|Institution:||Universidad de Valladolid|
|Keywords:||Pinares-España-Sistema Central; Biomasa; Teledetección|
|Full text PDF:||http://uvadoc.uva.es/handle/10324/5123|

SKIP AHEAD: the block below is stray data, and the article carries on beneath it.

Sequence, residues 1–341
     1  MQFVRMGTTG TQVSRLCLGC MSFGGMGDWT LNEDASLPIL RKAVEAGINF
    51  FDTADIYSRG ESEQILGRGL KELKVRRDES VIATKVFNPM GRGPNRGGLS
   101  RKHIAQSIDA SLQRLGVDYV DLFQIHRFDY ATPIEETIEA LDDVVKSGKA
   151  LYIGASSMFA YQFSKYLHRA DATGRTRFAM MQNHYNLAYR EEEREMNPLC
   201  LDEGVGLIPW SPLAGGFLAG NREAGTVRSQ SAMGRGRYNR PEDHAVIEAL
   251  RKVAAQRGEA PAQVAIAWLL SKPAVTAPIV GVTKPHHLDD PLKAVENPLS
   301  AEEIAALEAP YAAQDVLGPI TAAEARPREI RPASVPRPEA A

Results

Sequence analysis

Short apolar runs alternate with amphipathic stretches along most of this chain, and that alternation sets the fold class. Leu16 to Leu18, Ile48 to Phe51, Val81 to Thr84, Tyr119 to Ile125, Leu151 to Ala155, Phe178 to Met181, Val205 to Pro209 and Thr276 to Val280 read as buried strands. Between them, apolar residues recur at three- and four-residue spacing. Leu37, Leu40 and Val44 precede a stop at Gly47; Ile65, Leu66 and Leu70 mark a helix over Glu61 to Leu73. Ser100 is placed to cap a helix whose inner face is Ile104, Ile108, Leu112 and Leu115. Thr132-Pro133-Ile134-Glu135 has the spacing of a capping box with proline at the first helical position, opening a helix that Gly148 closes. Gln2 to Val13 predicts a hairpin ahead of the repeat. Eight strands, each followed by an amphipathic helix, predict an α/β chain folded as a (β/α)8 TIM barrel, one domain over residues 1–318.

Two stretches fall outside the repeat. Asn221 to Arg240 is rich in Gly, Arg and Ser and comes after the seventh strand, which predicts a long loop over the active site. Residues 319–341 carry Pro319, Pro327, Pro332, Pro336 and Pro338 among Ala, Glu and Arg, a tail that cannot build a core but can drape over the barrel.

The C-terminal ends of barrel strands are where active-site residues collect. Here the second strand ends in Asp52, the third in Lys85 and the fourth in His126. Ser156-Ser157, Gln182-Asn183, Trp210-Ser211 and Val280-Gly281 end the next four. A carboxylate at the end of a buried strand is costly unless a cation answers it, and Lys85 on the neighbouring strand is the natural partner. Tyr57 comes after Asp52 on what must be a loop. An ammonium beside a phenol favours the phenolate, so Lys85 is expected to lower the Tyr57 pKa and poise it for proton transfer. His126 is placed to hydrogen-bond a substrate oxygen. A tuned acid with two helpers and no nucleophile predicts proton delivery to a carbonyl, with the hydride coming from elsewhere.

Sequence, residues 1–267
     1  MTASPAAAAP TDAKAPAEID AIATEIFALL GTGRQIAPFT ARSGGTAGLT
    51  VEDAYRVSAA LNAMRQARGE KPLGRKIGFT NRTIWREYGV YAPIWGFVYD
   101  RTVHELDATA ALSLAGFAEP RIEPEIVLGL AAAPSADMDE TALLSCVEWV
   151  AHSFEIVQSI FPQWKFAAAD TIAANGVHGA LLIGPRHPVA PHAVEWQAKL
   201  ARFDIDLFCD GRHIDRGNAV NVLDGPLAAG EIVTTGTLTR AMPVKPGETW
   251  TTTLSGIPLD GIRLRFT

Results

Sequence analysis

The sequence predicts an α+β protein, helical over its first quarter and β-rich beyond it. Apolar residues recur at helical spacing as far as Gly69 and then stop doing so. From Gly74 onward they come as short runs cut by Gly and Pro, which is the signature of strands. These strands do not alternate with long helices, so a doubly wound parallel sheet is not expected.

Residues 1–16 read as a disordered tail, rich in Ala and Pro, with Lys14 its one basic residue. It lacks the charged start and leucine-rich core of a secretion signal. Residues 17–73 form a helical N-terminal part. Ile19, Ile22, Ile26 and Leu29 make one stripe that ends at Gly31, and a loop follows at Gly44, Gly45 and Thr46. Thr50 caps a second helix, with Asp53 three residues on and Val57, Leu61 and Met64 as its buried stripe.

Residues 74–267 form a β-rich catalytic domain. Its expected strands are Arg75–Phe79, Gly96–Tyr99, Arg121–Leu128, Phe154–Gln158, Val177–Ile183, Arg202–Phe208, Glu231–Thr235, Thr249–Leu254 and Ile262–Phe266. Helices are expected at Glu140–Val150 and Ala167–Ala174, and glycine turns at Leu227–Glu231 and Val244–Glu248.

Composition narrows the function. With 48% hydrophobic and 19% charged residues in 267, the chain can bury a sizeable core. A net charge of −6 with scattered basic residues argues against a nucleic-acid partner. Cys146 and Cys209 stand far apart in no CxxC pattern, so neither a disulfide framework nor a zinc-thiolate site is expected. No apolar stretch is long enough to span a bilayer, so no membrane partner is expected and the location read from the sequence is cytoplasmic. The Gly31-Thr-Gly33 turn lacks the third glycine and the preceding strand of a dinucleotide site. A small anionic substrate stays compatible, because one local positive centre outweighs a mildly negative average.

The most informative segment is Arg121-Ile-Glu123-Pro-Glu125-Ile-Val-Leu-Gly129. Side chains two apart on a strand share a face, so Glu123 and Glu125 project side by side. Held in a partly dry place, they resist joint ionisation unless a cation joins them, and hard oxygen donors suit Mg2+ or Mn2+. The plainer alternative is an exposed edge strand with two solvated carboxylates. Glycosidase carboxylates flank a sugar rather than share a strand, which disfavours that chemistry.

Forests play a dynamic role in the terrestrial carbon (C) budget, by means of the biomass stock and C fluxes involved in photosynthesis and respiration. Remote sensing in combination with data analysis constitute a practical means for evaluation of forest implications in the carbon cycle, providing spatially explicit estimations of the amount, quality, and spatio-temporal dynamics of biomass and C stocks. Medium and high spatial resolution optical data from satellite-borne sensors were employed, supported by field measures, to investigate the carbon role of Mediterranean pines in the Central Range of Spain during a 25 year period (1984-2009). The location, extent, and distribution of pine forests were characterized, and spatial changes occurred in three sub-periods were evaluated. Capitalizing on temporal series of spectral data from Landsat sensors, novel techniques for processing and data analysis were developed to identify successional processes at the landscape level, and to characterize carbon stocking condition locally, enabling simultaneous characterization of trends and patterns of change. High spatial resolution data captured by the commercial satellite QuickBird-2 were employed to model structural attributes at the stand level, and to explore forest structural diversity.